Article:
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Negotiations, meanwhile, continue at Chrysler, though there are indications the two sides have hit some significant stumbling blocks over issues that include a desired up-front “signing bonus,” as well as an increase in wages for second-tier hourly employees currently earning just half of what veteran Chrysler employees get.

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Ford Offers Buyout to All 41,000 U.S. Workers

Automaker aims to cut costs after union rejects concessions.

by on Dec.22, 2009

Ford is offering buyouts of up to $70,000 to its 41,000 U.S. assembly line workers.

It could get difficult if all 41,000 of Ford’s U.S. factory workers were to accept the automaker’s latest buyout offer.  In fact, the company is hoping for a small but unspecified number of employees to accept the offer of up to $70,000 in cash as it looks to trim payroll costs.

A spokesman for Ford says the company is still struggling with “a surplus in employees,” as it struggles to right-size its production base.  Reduced capacity means fewer employees will be needed long-term.

Like its cross-town rivals, Ford has been using buyouts for a number of years to trim back its base of United Auto Workers Union-represented employees.  Last July, about 1,000 workers took the maker up on its most recent offer.

The new deal would put as much as $70,000 in cash in the hands of relatively new employees, while workers who are approaching retirement anyway could leave early and pocket an extra $60,000.

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Ford is considered the strongest of Detroit’s Big Three automakers, right now, though that puts it in an awkward position.  It was able to skip the federal bailouts rivals General Motors and Chrysler needed to stay in business.  But its relatively strong cash position has made it difficult to sell workers on proposed concessions that would allow Ford to match the reduced labor costs at GM and Chrysler, post-bankruptcy.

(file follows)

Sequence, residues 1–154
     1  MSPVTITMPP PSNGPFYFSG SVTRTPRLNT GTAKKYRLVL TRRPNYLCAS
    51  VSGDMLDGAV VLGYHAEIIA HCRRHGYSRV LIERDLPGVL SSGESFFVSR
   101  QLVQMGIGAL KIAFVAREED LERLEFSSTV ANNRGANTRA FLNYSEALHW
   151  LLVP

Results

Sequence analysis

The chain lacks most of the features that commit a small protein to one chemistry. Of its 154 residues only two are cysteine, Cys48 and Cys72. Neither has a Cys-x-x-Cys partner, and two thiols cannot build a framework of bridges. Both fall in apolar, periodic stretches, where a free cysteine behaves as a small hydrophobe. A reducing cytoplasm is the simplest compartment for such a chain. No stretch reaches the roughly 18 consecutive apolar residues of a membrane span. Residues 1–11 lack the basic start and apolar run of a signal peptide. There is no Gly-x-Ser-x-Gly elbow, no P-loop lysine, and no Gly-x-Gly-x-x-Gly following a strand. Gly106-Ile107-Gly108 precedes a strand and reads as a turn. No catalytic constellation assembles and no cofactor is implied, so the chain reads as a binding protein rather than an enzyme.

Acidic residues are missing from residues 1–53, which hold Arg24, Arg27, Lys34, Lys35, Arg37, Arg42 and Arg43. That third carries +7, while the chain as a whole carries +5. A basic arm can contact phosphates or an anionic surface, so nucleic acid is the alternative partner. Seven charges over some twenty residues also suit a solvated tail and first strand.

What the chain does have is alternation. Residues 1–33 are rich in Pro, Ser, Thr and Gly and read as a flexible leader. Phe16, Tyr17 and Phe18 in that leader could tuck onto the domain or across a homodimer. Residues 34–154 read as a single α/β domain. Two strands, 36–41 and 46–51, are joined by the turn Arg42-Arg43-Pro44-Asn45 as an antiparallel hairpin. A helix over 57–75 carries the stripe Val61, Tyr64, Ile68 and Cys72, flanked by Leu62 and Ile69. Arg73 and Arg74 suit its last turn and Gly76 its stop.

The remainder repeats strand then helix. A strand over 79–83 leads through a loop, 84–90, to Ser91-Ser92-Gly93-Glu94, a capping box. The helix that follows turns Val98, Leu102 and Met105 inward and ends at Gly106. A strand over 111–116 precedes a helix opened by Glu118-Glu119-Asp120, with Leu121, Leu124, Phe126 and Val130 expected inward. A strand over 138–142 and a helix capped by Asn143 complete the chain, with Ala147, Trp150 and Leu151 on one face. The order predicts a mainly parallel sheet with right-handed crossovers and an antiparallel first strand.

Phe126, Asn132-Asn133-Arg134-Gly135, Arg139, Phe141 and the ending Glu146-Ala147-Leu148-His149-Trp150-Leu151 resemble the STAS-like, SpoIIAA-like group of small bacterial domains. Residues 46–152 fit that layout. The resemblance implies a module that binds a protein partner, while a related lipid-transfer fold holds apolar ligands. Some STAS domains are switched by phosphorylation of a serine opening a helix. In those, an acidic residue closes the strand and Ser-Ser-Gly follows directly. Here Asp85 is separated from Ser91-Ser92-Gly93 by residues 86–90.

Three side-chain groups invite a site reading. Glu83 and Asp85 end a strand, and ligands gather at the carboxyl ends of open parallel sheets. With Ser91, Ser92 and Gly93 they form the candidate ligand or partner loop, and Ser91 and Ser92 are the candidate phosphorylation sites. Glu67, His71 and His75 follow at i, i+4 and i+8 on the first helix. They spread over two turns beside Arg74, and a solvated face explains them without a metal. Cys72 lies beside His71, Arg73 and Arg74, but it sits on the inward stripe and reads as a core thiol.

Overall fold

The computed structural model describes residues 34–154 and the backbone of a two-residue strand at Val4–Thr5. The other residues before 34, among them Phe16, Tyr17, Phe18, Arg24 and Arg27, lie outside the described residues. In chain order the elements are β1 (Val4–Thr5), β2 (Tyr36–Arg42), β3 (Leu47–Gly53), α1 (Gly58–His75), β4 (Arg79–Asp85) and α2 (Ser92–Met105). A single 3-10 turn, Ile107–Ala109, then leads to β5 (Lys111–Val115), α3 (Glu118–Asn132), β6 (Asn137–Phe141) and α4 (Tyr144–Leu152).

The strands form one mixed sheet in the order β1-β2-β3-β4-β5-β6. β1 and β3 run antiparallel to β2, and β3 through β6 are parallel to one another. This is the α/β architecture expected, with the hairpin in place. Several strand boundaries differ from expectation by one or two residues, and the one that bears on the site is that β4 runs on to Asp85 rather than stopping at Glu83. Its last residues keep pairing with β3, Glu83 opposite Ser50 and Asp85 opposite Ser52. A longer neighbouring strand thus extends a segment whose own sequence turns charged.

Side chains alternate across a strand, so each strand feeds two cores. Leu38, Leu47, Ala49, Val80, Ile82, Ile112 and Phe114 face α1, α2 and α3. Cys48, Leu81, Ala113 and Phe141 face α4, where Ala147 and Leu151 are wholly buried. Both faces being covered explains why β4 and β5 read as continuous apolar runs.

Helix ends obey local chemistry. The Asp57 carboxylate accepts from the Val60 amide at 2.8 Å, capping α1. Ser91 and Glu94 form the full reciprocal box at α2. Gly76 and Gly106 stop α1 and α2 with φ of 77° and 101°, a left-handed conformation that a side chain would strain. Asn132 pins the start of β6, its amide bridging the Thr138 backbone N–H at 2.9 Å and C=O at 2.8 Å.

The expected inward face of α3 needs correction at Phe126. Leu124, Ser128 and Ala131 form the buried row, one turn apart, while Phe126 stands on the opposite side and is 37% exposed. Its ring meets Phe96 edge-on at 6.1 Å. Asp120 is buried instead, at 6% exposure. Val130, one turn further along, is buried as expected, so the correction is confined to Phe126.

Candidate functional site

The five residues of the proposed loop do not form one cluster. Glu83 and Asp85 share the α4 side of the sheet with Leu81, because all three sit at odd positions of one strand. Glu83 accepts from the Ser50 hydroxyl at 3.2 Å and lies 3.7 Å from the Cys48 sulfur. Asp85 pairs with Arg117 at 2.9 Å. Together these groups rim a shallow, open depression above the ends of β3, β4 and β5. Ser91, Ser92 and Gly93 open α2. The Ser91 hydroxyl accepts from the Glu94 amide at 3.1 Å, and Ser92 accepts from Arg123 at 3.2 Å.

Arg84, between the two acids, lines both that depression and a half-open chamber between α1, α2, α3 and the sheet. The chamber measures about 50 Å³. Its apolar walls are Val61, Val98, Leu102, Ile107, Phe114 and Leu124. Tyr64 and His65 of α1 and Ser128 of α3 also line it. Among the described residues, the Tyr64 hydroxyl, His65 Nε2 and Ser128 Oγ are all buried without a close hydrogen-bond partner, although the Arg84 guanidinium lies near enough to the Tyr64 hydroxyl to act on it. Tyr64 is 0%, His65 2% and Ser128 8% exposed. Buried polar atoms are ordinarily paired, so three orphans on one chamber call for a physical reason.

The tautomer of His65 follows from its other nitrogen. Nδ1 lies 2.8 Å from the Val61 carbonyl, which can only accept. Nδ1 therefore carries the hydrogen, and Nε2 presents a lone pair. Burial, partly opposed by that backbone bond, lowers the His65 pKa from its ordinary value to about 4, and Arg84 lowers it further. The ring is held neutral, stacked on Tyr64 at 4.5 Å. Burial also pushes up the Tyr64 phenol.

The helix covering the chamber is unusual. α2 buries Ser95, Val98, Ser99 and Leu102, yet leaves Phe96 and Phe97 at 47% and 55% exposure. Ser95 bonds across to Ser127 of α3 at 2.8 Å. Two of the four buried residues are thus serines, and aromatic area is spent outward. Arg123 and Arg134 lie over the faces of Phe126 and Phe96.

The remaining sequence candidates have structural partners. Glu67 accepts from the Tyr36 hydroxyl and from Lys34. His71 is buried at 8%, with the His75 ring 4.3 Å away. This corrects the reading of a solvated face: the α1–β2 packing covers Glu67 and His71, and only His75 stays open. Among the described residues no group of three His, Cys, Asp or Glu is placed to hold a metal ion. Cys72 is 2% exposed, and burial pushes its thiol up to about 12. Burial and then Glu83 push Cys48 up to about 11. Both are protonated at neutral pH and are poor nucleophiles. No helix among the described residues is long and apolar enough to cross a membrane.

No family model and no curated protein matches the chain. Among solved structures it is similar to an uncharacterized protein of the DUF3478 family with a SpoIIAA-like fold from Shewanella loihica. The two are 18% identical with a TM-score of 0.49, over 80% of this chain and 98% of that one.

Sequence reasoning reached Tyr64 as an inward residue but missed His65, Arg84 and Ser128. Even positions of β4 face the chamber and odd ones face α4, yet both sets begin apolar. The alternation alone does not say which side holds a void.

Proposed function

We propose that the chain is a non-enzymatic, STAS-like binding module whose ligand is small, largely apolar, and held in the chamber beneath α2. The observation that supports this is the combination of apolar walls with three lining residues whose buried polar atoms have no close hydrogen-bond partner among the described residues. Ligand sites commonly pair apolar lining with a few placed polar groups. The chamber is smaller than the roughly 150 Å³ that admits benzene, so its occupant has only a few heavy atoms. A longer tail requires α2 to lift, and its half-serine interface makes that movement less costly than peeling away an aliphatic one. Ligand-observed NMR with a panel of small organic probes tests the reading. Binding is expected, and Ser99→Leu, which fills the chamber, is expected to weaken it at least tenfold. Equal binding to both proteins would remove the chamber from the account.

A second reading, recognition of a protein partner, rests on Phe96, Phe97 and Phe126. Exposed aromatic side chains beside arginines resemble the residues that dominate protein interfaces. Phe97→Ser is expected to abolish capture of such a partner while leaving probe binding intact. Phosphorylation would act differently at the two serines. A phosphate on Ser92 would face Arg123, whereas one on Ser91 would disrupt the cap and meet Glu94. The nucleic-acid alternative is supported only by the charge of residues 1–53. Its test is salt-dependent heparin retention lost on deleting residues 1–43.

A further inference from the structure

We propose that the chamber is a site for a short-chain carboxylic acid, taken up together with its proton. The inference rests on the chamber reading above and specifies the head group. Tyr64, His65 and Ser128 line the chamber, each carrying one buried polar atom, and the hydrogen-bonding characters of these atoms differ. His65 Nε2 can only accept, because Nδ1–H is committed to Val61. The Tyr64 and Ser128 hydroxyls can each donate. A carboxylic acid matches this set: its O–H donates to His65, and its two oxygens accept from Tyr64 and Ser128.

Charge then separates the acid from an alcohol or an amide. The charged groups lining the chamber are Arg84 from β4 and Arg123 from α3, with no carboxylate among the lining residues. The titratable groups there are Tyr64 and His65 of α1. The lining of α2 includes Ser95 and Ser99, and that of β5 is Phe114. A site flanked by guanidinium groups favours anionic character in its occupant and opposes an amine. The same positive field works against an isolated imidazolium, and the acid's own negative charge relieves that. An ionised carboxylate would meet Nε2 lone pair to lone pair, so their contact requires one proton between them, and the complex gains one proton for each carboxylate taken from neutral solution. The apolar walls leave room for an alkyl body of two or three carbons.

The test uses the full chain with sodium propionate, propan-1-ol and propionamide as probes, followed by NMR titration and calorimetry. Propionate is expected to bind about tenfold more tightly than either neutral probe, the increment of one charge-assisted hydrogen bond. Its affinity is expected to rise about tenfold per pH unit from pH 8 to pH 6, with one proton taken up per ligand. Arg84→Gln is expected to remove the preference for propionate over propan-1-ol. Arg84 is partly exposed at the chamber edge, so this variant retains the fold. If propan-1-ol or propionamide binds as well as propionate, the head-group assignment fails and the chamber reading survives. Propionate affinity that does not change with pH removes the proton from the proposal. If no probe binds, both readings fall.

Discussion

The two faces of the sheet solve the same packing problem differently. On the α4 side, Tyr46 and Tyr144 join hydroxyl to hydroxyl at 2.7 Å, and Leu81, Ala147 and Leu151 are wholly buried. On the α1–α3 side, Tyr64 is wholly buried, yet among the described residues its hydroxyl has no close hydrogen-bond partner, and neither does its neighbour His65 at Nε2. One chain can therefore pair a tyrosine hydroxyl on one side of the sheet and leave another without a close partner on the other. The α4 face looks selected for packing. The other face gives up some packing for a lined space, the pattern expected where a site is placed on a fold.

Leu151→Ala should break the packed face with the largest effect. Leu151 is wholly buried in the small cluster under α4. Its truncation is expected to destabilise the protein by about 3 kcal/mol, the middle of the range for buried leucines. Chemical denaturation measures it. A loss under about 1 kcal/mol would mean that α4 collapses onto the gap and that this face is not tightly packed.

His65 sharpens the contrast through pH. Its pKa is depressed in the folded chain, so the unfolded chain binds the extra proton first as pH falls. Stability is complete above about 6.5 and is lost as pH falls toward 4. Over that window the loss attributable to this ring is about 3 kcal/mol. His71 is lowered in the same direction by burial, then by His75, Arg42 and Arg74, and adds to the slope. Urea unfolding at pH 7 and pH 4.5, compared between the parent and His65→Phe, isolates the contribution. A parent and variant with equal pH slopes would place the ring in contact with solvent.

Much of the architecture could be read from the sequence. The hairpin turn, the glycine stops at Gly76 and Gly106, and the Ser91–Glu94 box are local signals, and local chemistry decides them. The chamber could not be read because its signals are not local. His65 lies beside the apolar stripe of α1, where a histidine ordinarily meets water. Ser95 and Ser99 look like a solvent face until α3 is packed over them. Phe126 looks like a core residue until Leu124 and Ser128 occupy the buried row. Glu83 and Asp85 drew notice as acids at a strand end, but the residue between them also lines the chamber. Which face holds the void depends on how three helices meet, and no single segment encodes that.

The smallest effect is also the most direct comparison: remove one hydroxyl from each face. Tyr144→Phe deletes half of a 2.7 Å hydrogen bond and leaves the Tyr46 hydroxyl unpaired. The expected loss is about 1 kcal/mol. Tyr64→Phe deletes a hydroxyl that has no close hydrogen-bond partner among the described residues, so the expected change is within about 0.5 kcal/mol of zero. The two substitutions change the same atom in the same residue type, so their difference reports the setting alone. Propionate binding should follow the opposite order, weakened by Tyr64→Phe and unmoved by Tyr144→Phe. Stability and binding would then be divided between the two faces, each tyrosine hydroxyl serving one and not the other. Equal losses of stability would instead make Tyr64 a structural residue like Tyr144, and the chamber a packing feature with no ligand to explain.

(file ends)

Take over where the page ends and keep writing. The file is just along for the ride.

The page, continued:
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Ford Wants Changes in UAW contract

Automaker wants big changes, including no-strike clause.

by on Jul.21, 2009

Ford quality is up, says CEO Alan Mulally; now it wants more cost-cutting by the UAW.

Ford quality is up, says CEO Alan Mulally; now it wants more cost-cutting by the UAW.

Ford Motor Co. has approached the United Auto Workers Union about changes in the contract that it negotiated in February before General Motors and Chrysler Group LLC used the threat of bankruptcy to obtain even greater concessions from the union.

Joe Hinrichs, Ford group vice president for global manufacturing, said that the company has already discussed possible changes with the UAW and is now ready to negotiate a revised deal.

“On economics we have the same package,” said Hinrichs, referring to the deals granted Chrysler and GM. However, Ford is looking for additional changes in contract language that would consolidate the number of skilled trades classification. That can translate into dramatic reductions in labor costs and marked improvement in productivity – as well as impacting quality.

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Ford had won a reduction in earlier rounds of negotiations in 2006 and 2007, but the new GM and Chrysler contracts go even further, accepting just two classifications.  Ford would like to obtain the same language.